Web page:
Bitcoin Halving – An Important Date
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If you’re curious to know all about the Bitcoin halving and the way it affects the price of Bitcoin, you’re at the right place.
Bitcoin halving is a process that occurs when 210,000 blocks have been recorded. Satoshi Nakamoto was the one who made this protocol from an integrated mechanism possible. Subsequently, this protocol cuts off the new supply of Bitcoins into two, so it was termed as “halving.” This process also halves the rewards of miner’s block production.
The Definition of Bitcoin Halving
Basically, the protocol of Bitcoin halving is cutting the Bitcoins’ reward into two. When miners verify their transactions, they will receive a half fewer Bitcoins when the protocol takes place.
If you are not familiar with Bitcoin I highly recommend to read our What is Bitcoin – Newbie Guide
Mining and Deflation: What Are They?
Rather than causing inflation, the 21 million under cap guarantees deflation in the economy. It’s because the core concept of Bitcoin is mining. You probably encountered this term and searched about it and its significance to Bitcoin.
For others who are not familiar with it, mining is a procedure wherein specific nodes or miners utilize a special mining device to decode difficult cryptographic puzzles.
Every transaction made on Bitcoin is compiled in a holding area called “Mempool”. Mempool is where all the transactions are going to be verified. The miners get these transactions here and create a block. The block will be included in the Bitcoin blockchain once the minimum requirements are fulfilled. You ought to remember that mining uses a lot of resources. Therefore, mining Bitcoins entail much spending and using money and electricity. It is able to motivate miners to go through the mining process because the block reward is believed to be economically beneficial.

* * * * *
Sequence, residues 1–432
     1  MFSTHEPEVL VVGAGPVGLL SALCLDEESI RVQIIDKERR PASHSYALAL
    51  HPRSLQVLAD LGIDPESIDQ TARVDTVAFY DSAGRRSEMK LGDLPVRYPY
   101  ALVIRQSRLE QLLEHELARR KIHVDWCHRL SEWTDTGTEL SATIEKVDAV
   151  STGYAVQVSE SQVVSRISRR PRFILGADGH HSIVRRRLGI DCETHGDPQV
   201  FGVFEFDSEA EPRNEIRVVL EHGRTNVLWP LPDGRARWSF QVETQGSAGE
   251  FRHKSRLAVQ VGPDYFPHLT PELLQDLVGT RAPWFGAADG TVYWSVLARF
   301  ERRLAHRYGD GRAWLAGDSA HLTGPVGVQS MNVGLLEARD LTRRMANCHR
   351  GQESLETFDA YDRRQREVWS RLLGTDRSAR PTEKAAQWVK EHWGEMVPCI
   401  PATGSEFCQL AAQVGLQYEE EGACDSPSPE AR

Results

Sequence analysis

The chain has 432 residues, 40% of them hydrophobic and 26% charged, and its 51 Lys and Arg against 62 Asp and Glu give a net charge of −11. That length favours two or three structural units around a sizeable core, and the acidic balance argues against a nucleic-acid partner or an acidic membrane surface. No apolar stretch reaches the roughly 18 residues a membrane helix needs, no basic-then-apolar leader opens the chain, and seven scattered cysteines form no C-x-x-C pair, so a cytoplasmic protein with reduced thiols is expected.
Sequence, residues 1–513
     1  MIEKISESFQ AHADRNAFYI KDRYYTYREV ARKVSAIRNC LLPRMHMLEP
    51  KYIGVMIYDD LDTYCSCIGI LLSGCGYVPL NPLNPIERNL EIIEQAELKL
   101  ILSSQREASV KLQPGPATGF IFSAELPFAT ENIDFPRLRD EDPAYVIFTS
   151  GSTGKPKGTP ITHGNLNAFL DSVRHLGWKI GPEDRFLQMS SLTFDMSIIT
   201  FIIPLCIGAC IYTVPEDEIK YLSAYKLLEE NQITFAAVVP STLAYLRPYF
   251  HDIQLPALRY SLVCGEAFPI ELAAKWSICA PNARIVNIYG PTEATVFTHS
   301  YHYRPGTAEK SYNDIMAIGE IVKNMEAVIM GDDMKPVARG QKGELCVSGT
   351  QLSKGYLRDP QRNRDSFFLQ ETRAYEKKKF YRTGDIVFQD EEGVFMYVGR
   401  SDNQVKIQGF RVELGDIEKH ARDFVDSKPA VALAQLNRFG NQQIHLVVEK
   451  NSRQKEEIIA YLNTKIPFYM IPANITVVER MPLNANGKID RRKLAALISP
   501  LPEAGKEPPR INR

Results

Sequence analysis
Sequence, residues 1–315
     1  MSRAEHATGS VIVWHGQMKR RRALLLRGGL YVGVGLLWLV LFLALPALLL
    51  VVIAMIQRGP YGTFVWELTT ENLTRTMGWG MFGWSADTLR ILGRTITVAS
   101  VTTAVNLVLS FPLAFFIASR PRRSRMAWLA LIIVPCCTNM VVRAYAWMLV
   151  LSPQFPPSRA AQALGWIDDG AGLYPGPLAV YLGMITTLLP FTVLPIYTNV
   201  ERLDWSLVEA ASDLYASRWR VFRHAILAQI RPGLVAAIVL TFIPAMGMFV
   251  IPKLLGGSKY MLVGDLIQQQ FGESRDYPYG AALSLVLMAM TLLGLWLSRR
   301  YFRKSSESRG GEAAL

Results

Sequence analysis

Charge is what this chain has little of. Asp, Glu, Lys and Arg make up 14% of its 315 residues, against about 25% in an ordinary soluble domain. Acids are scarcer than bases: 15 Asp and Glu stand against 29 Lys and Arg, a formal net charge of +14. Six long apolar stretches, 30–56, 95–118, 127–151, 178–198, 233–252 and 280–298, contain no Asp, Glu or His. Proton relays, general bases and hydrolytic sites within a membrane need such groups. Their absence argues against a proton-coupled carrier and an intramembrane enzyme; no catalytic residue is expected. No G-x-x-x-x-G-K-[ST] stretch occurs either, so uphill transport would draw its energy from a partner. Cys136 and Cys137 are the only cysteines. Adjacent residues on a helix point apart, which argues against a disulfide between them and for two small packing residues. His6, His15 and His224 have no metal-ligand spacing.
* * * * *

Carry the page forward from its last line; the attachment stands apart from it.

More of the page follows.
In theory, the miners can gather all the Bitcoins around the globe if the mining mechanism is not halted. This can result in the alteration of the supply and demand equation.
Pretty interesting is the google trends chart for the keyword “Bitcoin halving” below. Look at the whole time range from 2014 until today. Wether it is a trend or not, the interest in the digital asset is without a doubt rising (Learn more about Digital Assets).
The 21 Million Upper Cap of Bitcoin
You might already be familiar with the 21 million upper cap Bitcoin has. If not, it means that only 21 million Bitcoins will be produced. You are probably wondering why Bitcoin has an upper cap limit. David Schwartz, who is the senior executive of Ripple, gave three reasons for this:
- By nature, the Fiat currency has extremely high inflation. Since the Federal Reserve is in charge of the US dollar, they can control the supply and introduce more cash in the system. Therefore, most people see this as something tremendously corrupt. This is the reason why Nakamoto made an upper cap that is difficult to encode so that no one can take advantage of inflating the supply of Bitcoins.
- It wasn’t sure if people would be able to adapt to the idea of Bitcoin when it was first introduced. Potential investors were encouraged to take hold of Bitcoins by establishing the supply of these coins.
- Lastly, policies were a must so that the currency can be distributed. To make this happen, miners will have to utilize computational power first. Transaction expenses can control and secure the Tokenomics of Bitcoin after mining all the coins.
Supply and Demand: A Quick Review
Let’s go on a basic economics detour before we continue talking about Bitcoin halving. One of the rudimentary microeconomics principles is the supply and demand model.